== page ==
Using the perfusion technique of your choice, first perfuse 20 mL of ice-cold PBS through the beating heart of an anesthetized mouse, followed by 20 mL of the ice-cold perfusion solution described above. Take care not to introduce any bubbles during the procedure, and use a flow rate slow enough to avoid damage to the vasculature or brain sample (<5 mL/min). After both solutions have been perfused, carefully remove the brain from the skull using any technique you are comfortable with. The dura membrane should also be removed during the process. Place the sample into 20 mL of perfusion solution and incubate at 4 ˚C with gentle shaking for 3 days.

SWITCH fixation

You should use SWITCH fixation if you can't do perfusion with the 4% PFA, 1% GA solution.

SWITCH fixation involves two steps: SWITCH-Off at pH 3 to disperse the fixatives (fixatives don't work well at pH 3) and SWITCH-On at pH 7 to begin fixing the tissue.

These are the materials that you will need for SWITCH fixation:

Name Vendor Catalogue Number
32% Paraformaldehyde Electron Microscopy Sciences 15714-S
50% Glutaraldehyde Electron Microscopy Sciences 16310
10X PBS Thermo Fisher Scientific 70013-073
37% Hydrochloric acid Sigma Aldrich 320331-500ML
Potassium hydrogen phthalate Sigma-Aldrich P1088

If you are using PFA-fixed tissues (e.g. tissues from tissue banks), you need these two solutions:

  • SWITCH-Off Fixative: 1X PBS, 4% GA, 0.05 M KHP, titrated with HCl to pH 3.
  • SWITCH-On Fixative: 1X PBS, 1% GA.

Tips for making the SWITCH-Off Fixative: Titrate a bottle of PBS to pH 3 using HCl. Create solutions of 0.1 M HCl in water and 0.1 M potassium hydrogen phthalate (KHP) in water. Finally, mix these solutions in a ratio of 2:1:1 (pH 3 PBS):(0.1 M HCl):(0.1 M KHP). To this new solution, add a stock solution of GA to make a final concentration of 4% GA. Ensure that this solution stays cold at all times. It is recommended to chill the solution before adding GA.

You need to add the KHP to the SWITCH-Off Fixative to undo some of the PFA fixation.

(If you are using fresh tissues (not fixed previously), we recommend you first fix with PFA for several days before proceeding. This is because tissues can degrade quickly and because PFA fixation is quick and does not require SWITCH processing.)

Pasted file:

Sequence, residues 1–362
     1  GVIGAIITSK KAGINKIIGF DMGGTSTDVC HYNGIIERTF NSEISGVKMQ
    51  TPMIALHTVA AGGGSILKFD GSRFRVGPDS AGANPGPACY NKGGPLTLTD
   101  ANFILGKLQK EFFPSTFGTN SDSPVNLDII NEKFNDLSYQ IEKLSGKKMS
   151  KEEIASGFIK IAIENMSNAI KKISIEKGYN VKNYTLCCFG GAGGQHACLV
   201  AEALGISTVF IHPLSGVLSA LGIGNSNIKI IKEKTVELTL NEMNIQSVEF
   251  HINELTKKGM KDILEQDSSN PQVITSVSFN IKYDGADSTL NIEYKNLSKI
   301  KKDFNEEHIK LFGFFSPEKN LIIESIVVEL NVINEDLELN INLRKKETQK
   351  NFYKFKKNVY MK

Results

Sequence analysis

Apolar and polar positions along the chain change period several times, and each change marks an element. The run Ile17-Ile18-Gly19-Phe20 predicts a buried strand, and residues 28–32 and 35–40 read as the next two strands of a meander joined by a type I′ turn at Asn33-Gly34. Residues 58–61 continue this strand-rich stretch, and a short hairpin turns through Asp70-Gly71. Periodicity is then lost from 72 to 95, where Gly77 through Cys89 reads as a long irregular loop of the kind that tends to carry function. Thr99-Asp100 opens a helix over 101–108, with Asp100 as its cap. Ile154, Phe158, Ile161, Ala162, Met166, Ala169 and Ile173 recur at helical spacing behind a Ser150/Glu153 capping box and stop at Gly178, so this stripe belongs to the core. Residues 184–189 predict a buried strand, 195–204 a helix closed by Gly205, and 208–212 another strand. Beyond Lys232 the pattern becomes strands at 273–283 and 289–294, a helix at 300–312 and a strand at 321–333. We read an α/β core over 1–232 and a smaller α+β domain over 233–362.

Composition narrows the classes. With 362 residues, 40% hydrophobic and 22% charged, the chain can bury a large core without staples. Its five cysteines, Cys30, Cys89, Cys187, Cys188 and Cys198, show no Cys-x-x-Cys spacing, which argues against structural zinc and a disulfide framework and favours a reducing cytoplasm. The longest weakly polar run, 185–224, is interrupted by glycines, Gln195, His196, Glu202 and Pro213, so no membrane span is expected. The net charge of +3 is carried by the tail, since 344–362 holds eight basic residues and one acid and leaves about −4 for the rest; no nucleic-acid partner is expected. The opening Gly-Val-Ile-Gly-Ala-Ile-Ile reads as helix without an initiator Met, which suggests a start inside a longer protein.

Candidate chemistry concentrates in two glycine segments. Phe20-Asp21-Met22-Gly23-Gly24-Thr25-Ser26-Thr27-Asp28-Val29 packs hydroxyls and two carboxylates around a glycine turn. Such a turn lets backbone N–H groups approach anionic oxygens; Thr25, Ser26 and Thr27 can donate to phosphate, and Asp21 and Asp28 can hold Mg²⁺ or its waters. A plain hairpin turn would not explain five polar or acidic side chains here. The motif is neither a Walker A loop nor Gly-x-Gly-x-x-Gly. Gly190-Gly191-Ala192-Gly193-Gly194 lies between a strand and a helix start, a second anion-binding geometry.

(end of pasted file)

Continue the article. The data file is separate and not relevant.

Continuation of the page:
Once you're ready, incubate the sample in 40 mL fixation-OFF solution at 4 ˚C with gentle shaking for 2 days. The sample should then be moved to fixation-ON solution at 4 ˚C with gentle shaking for an additional 2 days. (The timing for the Fixation OFF and ON steps is dependent on the sample size and may need to be optimized from these starting values on a case-by-case basis. We found that these parameters worked well for banked human samples of roughly 0.5-1.0 cm thickness.)

Inactivation and Clearing

Inactivation Protocol

Once you have a SWITCH tissue (4% PFA and 1% GA fixed tissue), you need to inactivate the tissue. Inactivation means terminating any fixation reactions still going on within the tissue. If you don't do inactivation, you might find a lot of background signals after labeling because antibodies become fixed to the tissue.

For inactivation, you will need:

Name Vendor Catalogue Number
Acetamide Sigma Aldrich A0500
Glycine Sigma Aldrich G7126
Sodium Hydroxide Sigma Aldrich 795429
10X PBS Thermo Fisher Scientific 70013-073

Make a 4%(w/v) acetamide, 4%(w/v) glycine, 1X PBS solution and titrate it to pH 9 with NaOH.

Now you're ready to inactivate some tissues. But before you do that, you want to make sure the tissues are free of excess fixatives. You don't want to start fixing glycine and acetamide everywhere.

So, after fixation via either perfusion or SWITCH, the sample must be washed in PBST to remove unbound fixative molecules. For mouse brains, 2 washes of 6 hrs each at RT with gentle shaking was sufficient.